Las Vegas Sun

June 19, 2018

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Uncertainty looms over Nevada’s already deficient mental health care


Christopher DeVargas

Dr. Lesley Dickson says Nevada’s health care system needs to make better use of hospital beds available to those with mental illness.

According to Nevada’s Office of Suicide Prevention, more residents die annually by taking their own lives (558 in 2015, the most recent year with available data) than by homicide (191) or automobile accidents (321). It’s the second-leading cause of death in the state for ages 10 to 19, and one strongly linked to mental illness.

A 2016 report from the nonprofit Mental Health America ranked Nevada last in the nation for access to mental health care. It’s an issue all too familiar to Dr. Lesley Dickson, a psychiatrist serving as executive director of the Nevada Psychiatric Association and medical director of the Center for Behavioral Health, a Las Vegas clinic for opiate addicts.

Dickson has been treating addiction and mental illness in Nevadans for more than two decades, and she spoke to the current turmoil around health care through that lens.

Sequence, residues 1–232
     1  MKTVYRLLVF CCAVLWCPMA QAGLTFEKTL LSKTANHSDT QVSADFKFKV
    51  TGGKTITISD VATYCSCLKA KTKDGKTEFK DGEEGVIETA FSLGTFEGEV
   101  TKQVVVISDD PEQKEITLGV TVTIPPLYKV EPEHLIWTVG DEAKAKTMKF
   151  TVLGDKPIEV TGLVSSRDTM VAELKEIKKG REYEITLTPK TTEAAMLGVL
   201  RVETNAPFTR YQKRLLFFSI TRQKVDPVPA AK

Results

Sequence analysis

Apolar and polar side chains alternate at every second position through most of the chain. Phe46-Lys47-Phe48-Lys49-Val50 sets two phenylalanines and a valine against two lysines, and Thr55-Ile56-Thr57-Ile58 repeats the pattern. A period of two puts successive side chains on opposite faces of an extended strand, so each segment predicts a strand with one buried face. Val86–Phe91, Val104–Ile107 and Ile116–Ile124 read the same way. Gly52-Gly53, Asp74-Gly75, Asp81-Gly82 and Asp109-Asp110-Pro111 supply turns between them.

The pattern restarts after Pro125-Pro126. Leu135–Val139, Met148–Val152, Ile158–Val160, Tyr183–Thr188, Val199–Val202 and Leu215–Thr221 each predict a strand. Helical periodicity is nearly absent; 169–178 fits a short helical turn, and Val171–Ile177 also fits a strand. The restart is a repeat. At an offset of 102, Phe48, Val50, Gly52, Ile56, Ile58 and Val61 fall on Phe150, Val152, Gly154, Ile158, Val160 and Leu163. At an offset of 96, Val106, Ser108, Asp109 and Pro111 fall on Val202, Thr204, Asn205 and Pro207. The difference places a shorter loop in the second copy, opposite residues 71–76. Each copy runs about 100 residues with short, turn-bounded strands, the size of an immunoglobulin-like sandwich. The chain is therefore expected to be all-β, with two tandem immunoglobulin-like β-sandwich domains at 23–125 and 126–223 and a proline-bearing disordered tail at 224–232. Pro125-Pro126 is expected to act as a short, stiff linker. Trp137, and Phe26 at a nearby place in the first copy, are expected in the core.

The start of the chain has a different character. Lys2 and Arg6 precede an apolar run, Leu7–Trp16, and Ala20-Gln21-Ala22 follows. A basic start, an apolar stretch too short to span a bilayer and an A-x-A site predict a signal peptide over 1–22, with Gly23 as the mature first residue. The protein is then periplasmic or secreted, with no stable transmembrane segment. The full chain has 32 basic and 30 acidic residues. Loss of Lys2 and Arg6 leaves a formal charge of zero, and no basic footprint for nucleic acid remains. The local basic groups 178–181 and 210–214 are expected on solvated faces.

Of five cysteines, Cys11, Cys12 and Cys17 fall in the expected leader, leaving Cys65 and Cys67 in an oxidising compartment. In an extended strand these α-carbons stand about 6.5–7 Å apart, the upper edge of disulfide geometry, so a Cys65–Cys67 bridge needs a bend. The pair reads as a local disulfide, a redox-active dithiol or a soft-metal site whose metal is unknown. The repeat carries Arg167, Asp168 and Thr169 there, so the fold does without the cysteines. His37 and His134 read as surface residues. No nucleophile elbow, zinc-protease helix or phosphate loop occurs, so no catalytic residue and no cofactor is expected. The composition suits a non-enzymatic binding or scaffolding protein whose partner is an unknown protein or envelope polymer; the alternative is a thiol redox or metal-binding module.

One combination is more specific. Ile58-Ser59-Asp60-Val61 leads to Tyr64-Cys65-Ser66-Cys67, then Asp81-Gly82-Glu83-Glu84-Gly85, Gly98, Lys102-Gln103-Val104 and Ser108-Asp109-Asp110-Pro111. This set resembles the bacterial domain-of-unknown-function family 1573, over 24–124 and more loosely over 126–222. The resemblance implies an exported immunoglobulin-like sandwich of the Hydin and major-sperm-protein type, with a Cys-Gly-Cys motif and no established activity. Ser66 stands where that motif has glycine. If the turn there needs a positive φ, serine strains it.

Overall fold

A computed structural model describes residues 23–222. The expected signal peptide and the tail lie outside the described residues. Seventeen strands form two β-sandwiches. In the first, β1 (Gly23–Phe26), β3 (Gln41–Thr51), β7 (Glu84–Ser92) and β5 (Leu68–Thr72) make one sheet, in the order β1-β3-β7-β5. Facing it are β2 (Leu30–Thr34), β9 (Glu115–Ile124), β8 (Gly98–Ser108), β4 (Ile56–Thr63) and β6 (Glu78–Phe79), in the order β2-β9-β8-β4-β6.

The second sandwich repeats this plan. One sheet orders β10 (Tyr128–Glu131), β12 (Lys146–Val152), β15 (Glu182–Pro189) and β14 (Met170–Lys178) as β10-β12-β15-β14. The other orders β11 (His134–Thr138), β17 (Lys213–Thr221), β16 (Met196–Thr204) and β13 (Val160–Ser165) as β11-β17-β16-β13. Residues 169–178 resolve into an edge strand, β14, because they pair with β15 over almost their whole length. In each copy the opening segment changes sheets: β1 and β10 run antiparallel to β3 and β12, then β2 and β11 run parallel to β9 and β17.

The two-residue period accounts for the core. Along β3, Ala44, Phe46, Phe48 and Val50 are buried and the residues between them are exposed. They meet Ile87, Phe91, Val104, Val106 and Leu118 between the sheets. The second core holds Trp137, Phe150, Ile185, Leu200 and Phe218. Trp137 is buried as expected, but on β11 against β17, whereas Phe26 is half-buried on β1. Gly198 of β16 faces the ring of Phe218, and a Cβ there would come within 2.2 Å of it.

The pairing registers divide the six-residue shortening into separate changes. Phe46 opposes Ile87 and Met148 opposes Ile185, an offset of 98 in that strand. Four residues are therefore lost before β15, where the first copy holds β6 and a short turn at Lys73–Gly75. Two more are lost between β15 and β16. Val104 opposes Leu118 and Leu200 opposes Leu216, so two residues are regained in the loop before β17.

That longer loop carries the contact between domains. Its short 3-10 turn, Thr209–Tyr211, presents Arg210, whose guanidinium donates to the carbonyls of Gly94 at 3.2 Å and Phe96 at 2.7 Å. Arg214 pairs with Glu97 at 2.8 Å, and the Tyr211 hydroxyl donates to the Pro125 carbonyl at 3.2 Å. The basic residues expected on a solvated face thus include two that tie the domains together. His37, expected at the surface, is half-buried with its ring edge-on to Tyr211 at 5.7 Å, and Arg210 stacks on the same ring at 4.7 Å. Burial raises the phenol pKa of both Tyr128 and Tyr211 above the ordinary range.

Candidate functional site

Nevada has historically been short on psychiatrists. Why?

There are not enough psychiatrists in the country, not just in Nevada. But other states have decided to meet the needs of their mentally ill. They have more psychiatrists and social workers in places like New York or Massachusetts, where psychiatrists in residency programs are tripping over each other. Once their residency programs are done, the graduates don’t like to leave the state. In Massachusetts, there are approximately 32 psychiatrists per 100,000 residents. Nevada has seven per 100,000.

This year, six psychiatry residents graduated in Las Vegas, and four left the state. Their leaving was partly an issue of money — they can earn more elsewhere — partly because they didn’t come from here in the first place ... and partly because Nevada’s insurance reimbursement rate is lower, and once they finish their training, they are concerned with earning money and paying back medical school debt.

Nevada has never had much of a mental health system. ... In the 1950s, there were a lot of new (and effective medications) emerging in psychiatry, so we didn’t need all the hospital beds, but patients needed outpatient care. We never built community health centers instead of state hospitals, and then the population of those with a mental illness increased as the state’s population grew. Now they’ve been building private mental hospitals because the companies are getting paid more per patient, per day. Still, the problem isn’t the availability of beds; it’s appropriate use of beds, keeping patients there a little longer.